perpetrated by his orders and not as free agents; that they therefore be treated, when captured, as prisoners of war, with kindness and humanity, and be sent home on the usual parole, that they will in no manner aid or serve the United States in any capacity during the continuance of this war unless duly exchanged.
3rd. That all negro slaves captured in arms be at once delivered over to the executive authorities of the respective States to which they belong, to be dealt with according to the laws of said States.
4th. That the like orders be executed in all cases with respect to all commissioned officers of the United States when found serving in company with armed slaves in insurrection against the authorities of the different States of this Confederacy.
In testimony whereof I have signed these presents and caused the seal of the Confederate States of America to be affixed thereto at the city of Richmond, on [L. 8.] this 23rd day of December, in the year of our Lord one thousand eight hundred and sixty-two.
By the President:
J. P. BENJAMIN,
Secretary of State.
II. Officers of the Army are charged with the observance and enforcement of the foregoing orders of the President. Where the evidence is not full, or the case if for any reason of a doubtful character, it will be referred through this office for the decision of the War Department.
Adjutant and Inspector General.
DECEMBER 25, 1862.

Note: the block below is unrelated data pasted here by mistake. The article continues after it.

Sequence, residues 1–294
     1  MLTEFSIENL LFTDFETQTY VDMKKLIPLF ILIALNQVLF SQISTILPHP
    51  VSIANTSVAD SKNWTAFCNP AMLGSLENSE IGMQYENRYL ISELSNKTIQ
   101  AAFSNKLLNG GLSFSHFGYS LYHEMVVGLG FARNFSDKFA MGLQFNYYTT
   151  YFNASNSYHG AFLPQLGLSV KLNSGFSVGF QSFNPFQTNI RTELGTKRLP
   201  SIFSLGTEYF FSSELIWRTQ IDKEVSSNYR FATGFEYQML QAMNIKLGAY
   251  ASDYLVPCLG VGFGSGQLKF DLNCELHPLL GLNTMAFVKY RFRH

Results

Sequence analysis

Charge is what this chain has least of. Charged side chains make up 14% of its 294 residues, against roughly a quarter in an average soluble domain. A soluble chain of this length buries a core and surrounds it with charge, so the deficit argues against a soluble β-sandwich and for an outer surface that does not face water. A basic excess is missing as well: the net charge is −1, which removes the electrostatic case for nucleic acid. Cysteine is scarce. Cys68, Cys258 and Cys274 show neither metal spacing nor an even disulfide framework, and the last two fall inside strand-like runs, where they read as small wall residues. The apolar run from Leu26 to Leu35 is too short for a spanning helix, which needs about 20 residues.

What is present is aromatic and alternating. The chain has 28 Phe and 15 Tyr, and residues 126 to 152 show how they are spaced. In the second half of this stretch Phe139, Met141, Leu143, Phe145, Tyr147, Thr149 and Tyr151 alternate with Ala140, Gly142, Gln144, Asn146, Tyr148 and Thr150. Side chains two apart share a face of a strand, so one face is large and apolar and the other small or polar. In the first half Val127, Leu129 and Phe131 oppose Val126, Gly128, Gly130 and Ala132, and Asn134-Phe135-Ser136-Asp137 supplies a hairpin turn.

General Magruder directs that you summon Major (Captain) Leon Smith and direct him to prepare the Bayou City for service immediately; to put a platform on the boat for the 32-pounder rifled gun, which will be sent up to Harrisburg to-morrow; to prepare the Neptune in like manner for the two 24-pounder howitzers now at Harrisburg. He will use Cotton on the decks of both to give the appearance of protection and not wait to fasten it if it costs time. For this purpose he will use all the mechanics and other force that can be worked with advantage, taking the material or property he may need by seizing if necessary. He will send some other boat for the guns at Morgan's Point instead of the Neptune. He will call for 150 volunteers for each boat, taking citizens and soldiers from all quarters. He will make all the dispositions and perform all his functions in the general's name. He will use the small-arms already given him if they have not been sent away. He will be ready to move at 12 m. day after to-morrow (Saturday) to take part in an attack upon the fleet in things do not change. The coxswain of the Owasco has deserted, and will be sent up to report to Major Smith to-morrow. He says the fleet can be easily driven out of the harbor, and is anxious to take part and lead a cotton boat in the fight. He is drunk, and has been fighting, he says, on account of his principles. He will not play false. If he does he dies. He wishes to serve the gun himself. Take him on board, but do not let him go near the gun. Treat him kindly and let him remain near the captain. Take any man's cotton unless it can be bought. I prefer Major Smith to go in command of both boats. Attack from on shore, if any, will be with about 2,000 long-range rifles and twenty pieces of artillery. Only 300 soldiers have arrived, and they in an unarmed vessel. Keep the coxswain, Monroe, from liquor. Colonel Debray will order down such unarmed men of